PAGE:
SACRAMENTO — Low wages paid by the fast-food industry come with a high public cost for California taxpayers, academics and advocates for the working poor told state lawmakers.
Workers at hamburger, pizza and other, mainly franchise, eateries are paid at near-minimum-wage levels, making them eligible for public assistance that totaled an average of $717 million a year in California from 2007 to 2011.
The condition of low-wage fry cooks and sandwich makers was the focus of a joint hearing of the Senate and Assembly labor committees Wednesday. The inquiry was held in the wake of a 60-city protest in August by fast-food employees. Protesters, backed by the Service Employees International Union, called for collective bargaining and a $15-an-hour minimum wage.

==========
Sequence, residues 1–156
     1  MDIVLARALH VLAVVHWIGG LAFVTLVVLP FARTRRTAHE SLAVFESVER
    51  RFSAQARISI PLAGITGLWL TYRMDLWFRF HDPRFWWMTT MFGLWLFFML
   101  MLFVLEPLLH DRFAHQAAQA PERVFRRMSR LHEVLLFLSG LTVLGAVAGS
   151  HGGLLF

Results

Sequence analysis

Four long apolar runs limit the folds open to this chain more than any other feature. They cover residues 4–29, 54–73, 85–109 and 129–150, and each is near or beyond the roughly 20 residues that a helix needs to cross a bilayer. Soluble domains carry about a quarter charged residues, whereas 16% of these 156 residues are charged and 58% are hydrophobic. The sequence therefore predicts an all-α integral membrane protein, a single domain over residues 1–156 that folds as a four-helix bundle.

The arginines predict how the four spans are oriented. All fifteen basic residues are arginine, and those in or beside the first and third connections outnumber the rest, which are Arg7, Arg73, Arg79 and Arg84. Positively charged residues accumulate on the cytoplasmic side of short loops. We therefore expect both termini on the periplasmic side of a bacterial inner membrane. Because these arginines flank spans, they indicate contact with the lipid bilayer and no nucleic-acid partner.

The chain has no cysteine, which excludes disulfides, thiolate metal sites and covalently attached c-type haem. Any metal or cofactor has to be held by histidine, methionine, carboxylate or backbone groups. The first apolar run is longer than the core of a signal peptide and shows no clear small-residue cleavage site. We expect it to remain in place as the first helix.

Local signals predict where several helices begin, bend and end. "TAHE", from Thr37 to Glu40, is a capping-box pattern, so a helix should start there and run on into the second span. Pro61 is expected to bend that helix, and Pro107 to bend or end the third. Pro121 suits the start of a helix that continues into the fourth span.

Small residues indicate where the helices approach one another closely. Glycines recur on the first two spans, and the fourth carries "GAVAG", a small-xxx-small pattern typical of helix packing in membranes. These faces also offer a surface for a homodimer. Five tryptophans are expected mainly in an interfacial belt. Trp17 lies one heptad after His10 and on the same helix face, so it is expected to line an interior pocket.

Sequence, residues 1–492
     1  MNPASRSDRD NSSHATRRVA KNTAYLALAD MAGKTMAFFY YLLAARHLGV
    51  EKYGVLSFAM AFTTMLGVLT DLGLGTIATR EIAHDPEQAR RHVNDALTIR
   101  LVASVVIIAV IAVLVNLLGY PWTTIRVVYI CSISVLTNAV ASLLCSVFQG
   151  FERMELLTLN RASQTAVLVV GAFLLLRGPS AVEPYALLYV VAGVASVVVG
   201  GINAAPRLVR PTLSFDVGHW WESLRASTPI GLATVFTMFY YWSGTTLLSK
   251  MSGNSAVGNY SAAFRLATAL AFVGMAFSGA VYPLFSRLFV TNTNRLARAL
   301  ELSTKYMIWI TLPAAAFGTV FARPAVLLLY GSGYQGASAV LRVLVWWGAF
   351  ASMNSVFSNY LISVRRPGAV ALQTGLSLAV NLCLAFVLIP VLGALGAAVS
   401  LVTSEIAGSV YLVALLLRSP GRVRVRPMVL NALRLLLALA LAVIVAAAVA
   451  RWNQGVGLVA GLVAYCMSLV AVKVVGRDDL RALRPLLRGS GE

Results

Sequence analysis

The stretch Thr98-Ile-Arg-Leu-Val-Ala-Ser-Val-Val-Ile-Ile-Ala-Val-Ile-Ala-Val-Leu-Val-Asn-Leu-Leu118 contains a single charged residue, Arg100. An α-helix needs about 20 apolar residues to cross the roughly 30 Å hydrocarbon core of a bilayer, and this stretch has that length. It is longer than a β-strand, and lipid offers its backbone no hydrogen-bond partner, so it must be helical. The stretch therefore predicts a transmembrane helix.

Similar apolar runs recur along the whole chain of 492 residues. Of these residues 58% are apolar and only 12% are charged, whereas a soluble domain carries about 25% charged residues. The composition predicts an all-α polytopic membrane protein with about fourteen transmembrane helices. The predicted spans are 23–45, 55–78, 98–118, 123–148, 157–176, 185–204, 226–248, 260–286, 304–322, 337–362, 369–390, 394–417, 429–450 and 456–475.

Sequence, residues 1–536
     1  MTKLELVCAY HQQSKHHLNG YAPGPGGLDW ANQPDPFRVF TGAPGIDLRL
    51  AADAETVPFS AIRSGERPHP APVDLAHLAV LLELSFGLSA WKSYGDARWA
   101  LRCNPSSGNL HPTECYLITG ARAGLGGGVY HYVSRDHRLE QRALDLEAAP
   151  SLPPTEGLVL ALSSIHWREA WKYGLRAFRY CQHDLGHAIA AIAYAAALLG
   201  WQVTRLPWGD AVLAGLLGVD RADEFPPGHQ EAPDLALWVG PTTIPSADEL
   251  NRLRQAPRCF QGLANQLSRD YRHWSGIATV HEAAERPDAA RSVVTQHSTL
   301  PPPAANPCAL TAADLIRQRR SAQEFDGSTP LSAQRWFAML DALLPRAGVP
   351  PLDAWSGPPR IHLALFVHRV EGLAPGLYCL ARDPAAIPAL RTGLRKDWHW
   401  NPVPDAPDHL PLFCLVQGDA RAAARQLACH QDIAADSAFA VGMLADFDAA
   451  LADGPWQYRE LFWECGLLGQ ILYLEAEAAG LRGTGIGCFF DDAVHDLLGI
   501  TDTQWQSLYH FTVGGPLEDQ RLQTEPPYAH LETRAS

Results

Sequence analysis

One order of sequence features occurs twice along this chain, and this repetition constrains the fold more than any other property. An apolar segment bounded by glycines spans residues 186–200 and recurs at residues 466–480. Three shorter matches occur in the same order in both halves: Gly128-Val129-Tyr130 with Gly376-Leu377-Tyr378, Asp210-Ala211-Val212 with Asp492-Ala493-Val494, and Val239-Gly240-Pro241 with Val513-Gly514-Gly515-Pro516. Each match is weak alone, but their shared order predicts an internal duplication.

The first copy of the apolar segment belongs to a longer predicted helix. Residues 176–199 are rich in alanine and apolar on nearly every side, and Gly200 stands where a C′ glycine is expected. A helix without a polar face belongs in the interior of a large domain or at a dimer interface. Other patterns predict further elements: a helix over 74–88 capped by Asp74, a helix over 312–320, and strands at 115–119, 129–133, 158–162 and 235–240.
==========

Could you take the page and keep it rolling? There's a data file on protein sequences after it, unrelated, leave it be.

Simone Sonnier Jang, a mother of two who works at a Los Angeles McDonald's, said she wouldn't be able to survive financially without subsidized housing, day care and medical care for her children and cash assistance.
"Without that I wouldn't be able to pay rent, cover the cost of utilities," she said, "and I wouldn't be able to buy my own food."
The drain on the safety-net funding is alarming, said Assemblyman Roger Hernandez (D-West Covina). "The taxpayer should not have to subsidize one industry," he said.
The movement got a boost in September when Gov. Jerry Brown signed legislation raising the California minimum wage from $8 to $10 an hour, in two steps, by 2016.
Much of the data...